A recurring column exploring various statistics related to sexual wellness, mental health, and substance use at Colorado College, brought to you in collaboration with the Wellness Resource Center.


Of reported rapes, this is the percentage reported by white women, according to the organization End Rape on Campus. Though white women report at higher rates, most studies indicate that women of color experience sexual violence at higher rates than white women, with Black women experiencing the second highest rates of violence after Native American women.  Trans women of color experience the highest levels of sexual violence of any racial group.

This is important because, while we know all sexual violence is drastically underreported — in fact, it is often estimated to be the most underreported crime — this is particularly so in communities of color. The disproportionate racial disparities in reporting rates of gender-based violence reflect the impact of intersecting systems of oppression on women of color. Particularly, this figure exposes the legal system as a mechanism through which intersectional oppressions are produced and maintained. 

The connection between sexual violence and race is actually deeply codified within our country’s legal history. One might begin by looking at the year 1681, when, according to Jacqueline Battalora, author of “Birth of a White Nation,” white people were first recognized legally as a distinct racial group within U.S. law. In fact, the first time the word “white” appeared in reference to race was in a Maryland anti-miscegenation law, prohibiting “white women” from marrying men of African descent.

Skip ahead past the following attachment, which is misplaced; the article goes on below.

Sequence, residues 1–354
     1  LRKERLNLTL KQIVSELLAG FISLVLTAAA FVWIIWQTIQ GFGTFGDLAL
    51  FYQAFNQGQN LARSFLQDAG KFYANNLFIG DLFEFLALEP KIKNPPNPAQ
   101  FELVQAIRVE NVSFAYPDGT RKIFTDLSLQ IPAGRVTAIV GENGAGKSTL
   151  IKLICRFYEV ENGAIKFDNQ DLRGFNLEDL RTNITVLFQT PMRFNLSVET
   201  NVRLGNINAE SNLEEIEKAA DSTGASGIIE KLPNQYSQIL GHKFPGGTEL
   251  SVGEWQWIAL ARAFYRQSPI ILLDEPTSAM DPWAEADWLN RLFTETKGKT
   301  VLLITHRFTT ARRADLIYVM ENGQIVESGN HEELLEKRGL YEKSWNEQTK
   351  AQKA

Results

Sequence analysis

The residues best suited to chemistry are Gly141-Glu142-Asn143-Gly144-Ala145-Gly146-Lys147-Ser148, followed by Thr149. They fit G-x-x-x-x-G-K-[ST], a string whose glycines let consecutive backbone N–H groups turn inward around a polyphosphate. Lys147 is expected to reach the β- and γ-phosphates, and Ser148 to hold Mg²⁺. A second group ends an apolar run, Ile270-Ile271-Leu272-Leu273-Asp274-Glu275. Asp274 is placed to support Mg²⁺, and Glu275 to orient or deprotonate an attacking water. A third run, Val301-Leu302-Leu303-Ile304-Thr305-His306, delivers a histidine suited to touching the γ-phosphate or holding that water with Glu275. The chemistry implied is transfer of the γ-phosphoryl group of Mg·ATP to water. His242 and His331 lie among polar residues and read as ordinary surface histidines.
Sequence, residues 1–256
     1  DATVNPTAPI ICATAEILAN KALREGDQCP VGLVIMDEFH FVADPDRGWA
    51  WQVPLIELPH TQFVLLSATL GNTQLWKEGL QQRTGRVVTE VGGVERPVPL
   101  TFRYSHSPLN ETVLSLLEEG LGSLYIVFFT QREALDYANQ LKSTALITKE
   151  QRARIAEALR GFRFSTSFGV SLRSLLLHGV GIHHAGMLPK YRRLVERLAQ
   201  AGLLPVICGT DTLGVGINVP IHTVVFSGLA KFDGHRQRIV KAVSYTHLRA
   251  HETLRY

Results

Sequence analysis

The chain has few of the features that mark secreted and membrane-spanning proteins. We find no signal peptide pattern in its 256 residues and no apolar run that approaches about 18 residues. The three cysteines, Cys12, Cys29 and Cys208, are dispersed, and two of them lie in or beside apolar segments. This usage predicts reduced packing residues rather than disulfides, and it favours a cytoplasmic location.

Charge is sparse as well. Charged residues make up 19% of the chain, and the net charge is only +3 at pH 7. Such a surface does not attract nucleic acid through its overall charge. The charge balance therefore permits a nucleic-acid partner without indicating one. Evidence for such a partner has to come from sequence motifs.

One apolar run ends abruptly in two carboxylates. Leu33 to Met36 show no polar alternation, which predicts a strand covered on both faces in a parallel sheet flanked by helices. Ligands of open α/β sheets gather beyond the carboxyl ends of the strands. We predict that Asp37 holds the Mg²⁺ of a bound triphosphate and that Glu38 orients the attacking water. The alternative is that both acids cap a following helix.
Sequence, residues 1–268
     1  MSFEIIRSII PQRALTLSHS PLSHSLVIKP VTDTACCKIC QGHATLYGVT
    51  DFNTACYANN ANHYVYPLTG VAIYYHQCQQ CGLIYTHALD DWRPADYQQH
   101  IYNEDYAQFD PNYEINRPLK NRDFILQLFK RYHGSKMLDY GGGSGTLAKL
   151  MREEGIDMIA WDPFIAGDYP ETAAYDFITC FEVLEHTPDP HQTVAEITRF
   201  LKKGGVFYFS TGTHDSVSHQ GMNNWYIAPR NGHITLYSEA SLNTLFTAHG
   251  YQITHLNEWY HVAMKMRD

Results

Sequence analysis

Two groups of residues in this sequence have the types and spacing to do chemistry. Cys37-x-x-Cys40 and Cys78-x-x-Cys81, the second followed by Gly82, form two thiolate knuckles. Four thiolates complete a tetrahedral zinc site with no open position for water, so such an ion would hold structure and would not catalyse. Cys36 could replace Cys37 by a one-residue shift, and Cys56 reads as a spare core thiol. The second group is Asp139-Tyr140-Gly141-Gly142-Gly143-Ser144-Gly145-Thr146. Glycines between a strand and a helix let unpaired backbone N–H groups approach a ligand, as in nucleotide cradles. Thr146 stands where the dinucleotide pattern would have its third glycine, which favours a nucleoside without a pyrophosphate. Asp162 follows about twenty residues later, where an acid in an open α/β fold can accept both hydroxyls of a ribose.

Battalora writes that this anti-miscegenation law “was followed by a slew of laws in Virginia that imposed the category [white], worked to give it clear meaning, and simultaneously transformed colonial society. These laws created an entirely new bottom to society and tossed people of African descent and members of Native Tribes down in it.” While these laws did not advance the wealth of white laborers, it did give them “authority to rule over those excluded from whiteness and the power to treat them however badly they wished without threat of prosecution.”

This law is just one access point through which we can see the emergence of disturbing trends that have been perpetuated into modernity — for example, controlling white female sexuality through sanctity and villainizing and perverting Black men. While this law is an indication of violence against white women in its assertion of control over their bodies, it is also, perversely, a recognition of their worth. Protecting white women against violence is historically, though problematically, validated in our legal system, in a way that protecting women of color is not.

With an average of one in five women experiencing rape or attempted rape within her lifetime, rape culture undeniably persists. However, even as sexual violence becomes more widely recognized in today’s culture, the nuances of how gender-based oppression relates to racial oppression continue to be too-often obfuscated by generalizations that apply exclusively to white women. Ultimately, though, these systems are inextricable, and attempting to address one without the others will be self-defeating. 

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